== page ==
Over the last couple of weeks, I’ve referenced spiritual gifts while preaching, and last Friday I issued an invitation to those of you who might want to learn more about your gifts, regardless of whether you’re a regular part of Holston View UMC. Today, please let me provide you with just a little more detail.

There are lots of ways to assess spiritual gifts, some formal, some informal. At previous churches, I’ve used the “3 Colors of Your Gifts” book and tests as part of an introductory church class for visitors and new members. I like these materials, and most people have found them useful. I think such a formal approach is at least a start in the right direction.

These tests usually work best in a small group setting, with a leader who has some training in the materials (I do). If you also have an interest in small groups, it’s fun to use spiritual gifts discovery as a starting point for a group.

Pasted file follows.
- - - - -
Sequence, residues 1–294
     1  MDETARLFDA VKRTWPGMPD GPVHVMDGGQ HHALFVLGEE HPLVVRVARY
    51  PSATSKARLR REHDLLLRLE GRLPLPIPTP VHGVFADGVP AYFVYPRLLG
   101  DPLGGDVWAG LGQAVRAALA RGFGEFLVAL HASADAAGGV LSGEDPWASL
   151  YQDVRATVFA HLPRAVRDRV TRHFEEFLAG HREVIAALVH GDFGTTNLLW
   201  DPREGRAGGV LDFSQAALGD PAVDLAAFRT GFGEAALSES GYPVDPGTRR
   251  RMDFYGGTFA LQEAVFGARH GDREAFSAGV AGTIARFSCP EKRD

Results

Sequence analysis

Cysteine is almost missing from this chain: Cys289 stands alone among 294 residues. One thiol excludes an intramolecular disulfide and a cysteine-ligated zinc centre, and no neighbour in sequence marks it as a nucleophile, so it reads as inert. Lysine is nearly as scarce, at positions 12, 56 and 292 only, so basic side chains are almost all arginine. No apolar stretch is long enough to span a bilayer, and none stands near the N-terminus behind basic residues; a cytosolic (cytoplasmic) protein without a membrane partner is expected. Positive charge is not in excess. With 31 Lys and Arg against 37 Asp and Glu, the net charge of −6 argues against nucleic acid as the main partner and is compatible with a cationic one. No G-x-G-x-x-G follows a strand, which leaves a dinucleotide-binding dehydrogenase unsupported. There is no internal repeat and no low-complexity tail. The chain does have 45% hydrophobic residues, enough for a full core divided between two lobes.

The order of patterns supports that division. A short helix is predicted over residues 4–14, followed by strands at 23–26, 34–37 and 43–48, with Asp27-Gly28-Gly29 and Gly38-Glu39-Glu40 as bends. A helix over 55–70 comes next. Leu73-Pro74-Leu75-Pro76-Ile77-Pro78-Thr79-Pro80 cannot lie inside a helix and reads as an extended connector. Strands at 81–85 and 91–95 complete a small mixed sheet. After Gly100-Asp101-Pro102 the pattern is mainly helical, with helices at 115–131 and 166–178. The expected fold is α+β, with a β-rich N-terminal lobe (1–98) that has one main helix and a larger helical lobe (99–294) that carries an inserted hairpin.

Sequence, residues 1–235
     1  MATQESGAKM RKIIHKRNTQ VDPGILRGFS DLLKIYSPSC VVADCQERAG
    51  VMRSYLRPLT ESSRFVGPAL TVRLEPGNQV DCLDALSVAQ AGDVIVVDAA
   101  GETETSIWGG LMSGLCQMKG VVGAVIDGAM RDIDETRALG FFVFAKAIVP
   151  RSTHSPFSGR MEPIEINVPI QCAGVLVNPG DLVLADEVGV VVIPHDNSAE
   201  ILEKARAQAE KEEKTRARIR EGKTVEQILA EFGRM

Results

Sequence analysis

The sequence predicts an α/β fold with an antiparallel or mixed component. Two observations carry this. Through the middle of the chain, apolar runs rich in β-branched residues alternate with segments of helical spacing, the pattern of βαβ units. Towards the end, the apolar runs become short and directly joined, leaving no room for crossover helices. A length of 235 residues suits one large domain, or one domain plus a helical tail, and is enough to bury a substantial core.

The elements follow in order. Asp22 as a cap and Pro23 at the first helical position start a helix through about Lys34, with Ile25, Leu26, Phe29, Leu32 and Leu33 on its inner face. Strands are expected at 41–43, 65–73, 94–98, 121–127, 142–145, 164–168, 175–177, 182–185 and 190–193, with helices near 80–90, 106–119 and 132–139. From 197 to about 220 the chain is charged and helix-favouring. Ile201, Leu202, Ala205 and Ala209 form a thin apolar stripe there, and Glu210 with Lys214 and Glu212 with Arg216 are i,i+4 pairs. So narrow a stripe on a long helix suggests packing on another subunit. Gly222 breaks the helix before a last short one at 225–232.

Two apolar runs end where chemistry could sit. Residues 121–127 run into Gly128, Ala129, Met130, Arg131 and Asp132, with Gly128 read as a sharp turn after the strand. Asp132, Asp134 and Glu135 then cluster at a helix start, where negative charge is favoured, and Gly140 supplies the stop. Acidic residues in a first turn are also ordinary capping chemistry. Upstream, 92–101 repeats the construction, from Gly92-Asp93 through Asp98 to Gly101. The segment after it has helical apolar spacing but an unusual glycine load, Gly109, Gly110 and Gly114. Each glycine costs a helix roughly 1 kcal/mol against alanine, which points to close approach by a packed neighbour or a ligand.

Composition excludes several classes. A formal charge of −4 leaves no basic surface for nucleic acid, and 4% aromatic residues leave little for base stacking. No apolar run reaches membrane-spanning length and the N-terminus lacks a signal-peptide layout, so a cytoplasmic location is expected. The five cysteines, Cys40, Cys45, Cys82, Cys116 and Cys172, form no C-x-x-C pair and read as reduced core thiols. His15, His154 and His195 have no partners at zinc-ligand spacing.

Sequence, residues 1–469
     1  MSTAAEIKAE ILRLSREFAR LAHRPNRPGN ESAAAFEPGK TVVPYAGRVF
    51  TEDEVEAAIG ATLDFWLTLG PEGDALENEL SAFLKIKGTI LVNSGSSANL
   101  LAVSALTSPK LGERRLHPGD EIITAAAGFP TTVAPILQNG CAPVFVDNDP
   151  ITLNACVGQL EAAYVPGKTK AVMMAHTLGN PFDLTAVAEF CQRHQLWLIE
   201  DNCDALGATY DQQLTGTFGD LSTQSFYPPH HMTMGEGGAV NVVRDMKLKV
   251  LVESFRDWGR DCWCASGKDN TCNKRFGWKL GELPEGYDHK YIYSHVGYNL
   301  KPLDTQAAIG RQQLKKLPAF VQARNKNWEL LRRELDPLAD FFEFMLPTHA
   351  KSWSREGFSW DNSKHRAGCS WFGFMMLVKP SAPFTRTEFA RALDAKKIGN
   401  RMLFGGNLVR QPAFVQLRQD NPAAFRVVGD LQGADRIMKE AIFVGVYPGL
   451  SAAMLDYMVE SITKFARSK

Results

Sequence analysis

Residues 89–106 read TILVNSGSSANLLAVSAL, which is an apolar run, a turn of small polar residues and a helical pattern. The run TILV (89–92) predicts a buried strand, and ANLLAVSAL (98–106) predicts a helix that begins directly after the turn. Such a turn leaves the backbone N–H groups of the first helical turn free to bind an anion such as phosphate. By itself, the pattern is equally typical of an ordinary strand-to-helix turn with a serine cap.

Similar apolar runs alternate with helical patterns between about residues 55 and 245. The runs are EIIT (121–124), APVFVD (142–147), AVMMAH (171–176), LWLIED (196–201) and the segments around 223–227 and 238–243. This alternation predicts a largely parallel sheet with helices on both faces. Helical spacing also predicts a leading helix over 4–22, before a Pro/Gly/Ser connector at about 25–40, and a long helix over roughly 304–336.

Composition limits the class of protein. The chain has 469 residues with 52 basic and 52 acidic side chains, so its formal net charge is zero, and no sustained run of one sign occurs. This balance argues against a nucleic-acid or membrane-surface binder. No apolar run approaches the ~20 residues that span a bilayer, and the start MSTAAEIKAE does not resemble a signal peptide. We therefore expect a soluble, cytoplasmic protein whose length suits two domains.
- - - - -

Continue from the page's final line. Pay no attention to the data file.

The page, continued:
Whether your search is formal or informal, you of course want to start with prayer. Simply ask God to reveal to you the gifts that will make you a more effective Christian. If you’re going the informal route, at least talk with a pastor and with other mature Christians around you about how they see God working in you, and consider how what they say lines up with a list of scriptural gifts, like this one:

Trusting your likes and dislikes is an important part of your discernment. If you find yourself on a planning committee and not really happy about it, you’ve learned something—you probably lack the spiritual gifts that go along with such service.

That’s okay! Don’t give up, just change up how you serve, and find what gives you joy while bearing fruit for the kingdom. Again, trust the guidance of mature Christians around you.

I promise you this: No sane pastor or church leader will try to prevent you from exploring different forms of gift-based service. We never have enough people in the church doing kingdom work under the guidance of the Holy Spirit. We want you to find your place, and in the process, find the kind of joy that helps you experience eternity now.